If you&rsquore sick of cauliflower-everything, consider broccoli. It has a stronger flavor than cauliflower, but it shines in burrito bowls, fried rice, and soups. Like cauliflower, you can turn it into rice and pasta, using the hearty stems. For a quick dinner side dish, toss broccoli noodles with pesto. At 20 calories and 4 grams of carbs per cup, you really can&rsquot go wrong.
These Asian noodles will be your new go-to low-carb food as they have just 22 calories and nearly 5 grams of fiber per cup. They&rsquore made from the root of the konjac plant or Konnyaku potato and will absorb the flavors of whatever you mix it with. Plus, they require minimal prep&mdashjust drain and rinse for cold dishes or boil or stir-fry for a couple of minutes for hot ones. Try this recipe for Shirataki Noodle Cake with Shrimp and Chorizo.
Palmini is a new type of pasta that's made entirely from hearts of palm. &ldquoIt gets pretty great reviews in terms of texture and taste,&rdquo says Freuman. There are only 25 calories and 5 grams of carbohydrates in each cup of linguine-like noodles. They have a mild flavor, so you can easily tailor them to make everything from chicken noodle soup to shrimp scampi linguine.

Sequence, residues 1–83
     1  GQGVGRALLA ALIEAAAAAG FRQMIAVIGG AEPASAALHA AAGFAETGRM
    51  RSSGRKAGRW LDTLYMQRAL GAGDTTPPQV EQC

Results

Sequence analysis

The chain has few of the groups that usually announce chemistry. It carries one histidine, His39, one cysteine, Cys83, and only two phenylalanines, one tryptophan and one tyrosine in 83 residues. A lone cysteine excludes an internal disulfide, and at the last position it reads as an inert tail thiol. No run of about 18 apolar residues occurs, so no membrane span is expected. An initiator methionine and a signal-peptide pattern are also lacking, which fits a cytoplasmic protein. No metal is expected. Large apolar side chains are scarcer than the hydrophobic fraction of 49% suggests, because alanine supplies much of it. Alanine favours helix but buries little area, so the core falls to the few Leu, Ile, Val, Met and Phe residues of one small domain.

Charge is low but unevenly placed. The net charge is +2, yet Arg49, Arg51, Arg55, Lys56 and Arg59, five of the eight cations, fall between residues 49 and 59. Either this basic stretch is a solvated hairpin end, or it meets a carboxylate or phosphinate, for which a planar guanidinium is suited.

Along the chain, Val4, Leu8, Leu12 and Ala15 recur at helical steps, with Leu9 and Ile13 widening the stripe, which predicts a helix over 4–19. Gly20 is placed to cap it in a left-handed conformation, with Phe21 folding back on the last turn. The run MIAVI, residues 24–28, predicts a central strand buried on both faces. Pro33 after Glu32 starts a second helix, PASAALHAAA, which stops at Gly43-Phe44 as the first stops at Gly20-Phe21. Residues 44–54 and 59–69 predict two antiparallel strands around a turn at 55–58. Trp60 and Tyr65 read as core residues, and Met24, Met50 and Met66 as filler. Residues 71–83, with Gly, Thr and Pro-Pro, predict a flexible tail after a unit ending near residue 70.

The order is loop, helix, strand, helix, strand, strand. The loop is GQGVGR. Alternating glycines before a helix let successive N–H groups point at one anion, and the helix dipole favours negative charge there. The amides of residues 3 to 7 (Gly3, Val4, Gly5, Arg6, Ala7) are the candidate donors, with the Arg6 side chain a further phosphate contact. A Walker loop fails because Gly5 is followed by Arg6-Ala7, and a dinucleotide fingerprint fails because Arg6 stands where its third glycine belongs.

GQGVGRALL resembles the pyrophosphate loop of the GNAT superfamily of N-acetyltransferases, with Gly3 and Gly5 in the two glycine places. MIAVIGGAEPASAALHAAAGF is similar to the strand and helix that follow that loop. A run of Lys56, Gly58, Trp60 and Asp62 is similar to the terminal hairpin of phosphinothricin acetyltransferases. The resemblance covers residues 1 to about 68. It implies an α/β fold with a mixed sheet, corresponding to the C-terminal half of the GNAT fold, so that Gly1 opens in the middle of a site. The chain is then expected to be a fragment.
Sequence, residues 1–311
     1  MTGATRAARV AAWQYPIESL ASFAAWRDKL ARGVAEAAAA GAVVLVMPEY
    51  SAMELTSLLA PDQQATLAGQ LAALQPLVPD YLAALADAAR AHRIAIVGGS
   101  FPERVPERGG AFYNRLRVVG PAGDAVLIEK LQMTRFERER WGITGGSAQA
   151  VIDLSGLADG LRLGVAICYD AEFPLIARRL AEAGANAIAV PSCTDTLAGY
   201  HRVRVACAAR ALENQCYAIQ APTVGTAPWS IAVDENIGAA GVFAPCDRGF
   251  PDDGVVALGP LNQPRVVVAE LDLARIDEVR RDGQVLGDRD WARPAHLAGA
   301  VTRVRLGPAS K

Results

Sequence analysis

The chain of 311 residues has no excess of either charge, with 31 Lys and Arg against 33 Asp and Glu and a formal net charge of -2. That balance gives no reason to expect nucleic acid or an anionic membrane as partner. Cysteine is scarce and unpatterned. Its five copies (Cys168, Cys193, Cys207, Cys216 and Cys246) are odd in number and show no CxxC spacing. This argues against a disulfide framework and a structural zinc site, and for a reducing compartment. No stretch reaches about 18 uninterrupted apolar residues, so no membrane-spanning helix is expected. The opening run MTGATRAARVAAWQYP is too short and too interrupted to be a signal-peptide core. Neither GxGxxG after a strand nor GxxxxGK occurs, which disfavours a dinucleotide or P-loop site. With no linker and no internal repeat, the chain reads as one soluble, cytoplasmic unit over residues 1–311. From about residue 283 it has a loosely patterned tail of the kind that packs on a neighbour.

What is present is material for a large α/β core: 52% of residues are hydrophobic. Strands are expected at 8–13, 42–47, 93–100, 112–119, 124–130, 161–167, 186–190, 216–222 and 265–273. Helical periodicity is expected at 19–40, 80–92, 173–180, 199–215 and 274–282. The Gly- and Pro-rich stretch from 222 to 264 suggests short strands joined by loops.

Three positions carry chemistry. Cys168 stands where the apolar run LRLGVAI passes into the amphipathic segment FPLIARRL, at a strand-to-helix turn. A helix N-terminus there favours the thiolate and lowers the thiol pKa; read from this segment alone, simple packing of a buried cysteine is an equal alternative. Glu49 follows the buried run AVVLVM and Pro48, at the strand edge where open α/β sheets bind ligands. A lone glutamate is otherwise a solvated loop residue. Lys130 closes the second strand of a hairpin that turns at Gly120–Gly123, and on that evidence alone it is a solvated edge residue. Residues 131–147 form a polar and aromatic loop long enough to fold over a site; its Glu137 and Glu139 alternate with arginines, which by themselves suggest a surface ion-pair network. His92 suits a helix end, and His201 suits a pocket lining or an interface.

These days, you'll find a plethora of store-bought bean pasta, including lentil, chickpea, and edamame, in the form of penne, fusilli, rotini, and more. These pastas are much higher in protein and fiber compared to white and even whole-wheat noodles, so you'll feel fuller faster&mdashand avoid overeating portions as many tend to do with pasta! They also cook up much faster than wheat-based pasta, so they make a quick and nutritious weeknight meal when you're in a pinch.
Kelp is a type of seaweed rich in minerals&mdashespecially calcium and iodine&mdashand it makes for the lowest carb and calorie pasta substitute out there, says Freuman. &ldquoNutritionally, they're great for people following lower-carb diets and they&rsquore also a good choice on the low FODMAP diet, making them a digestively friendly choice for people with sensitive systems.&rdquo Toss them in a salty and sweet peanut dressing for tasty take on a Thai salad, or saute them with some rice vinegar, soy sauce, and fresh ginger for a quick stir-fry.
&ldquoWhen you bake or boil a spaghetti squash and rake out the flesh with a fork, it naturally forms stringy, squash &lsquonoodles&rsquo that make a nutritious, lower-calorie and lower-carb alternative to actual spaghetti,&rdquo says Tamara Duker Freuman, MS, RD, CDN, author of The Bloated Belly Whisperer.
&ldquoIt takes just eight minutes to cook a spaghetti squash in my Instant Pot, and that squash yields enough noodles for me to bring lunch to work for a week!&rdquo For comparison, a cup of spaghetti squash has just 31 calories and 7 grams of carbs while the same amount of regular spaghetti has 239 calories and 47 grams of carbohydrates.
Zoodles are a classic pasta alternative for a reason. Zucchini&rsquos mild flavor makes it a great substitute in many dishes, whether you slice it into ribbons for lasagna or spiralize it and toss with your favorite sauce. This high-fiber veggie has only 19 calories and 4 grams of carbs in a cup.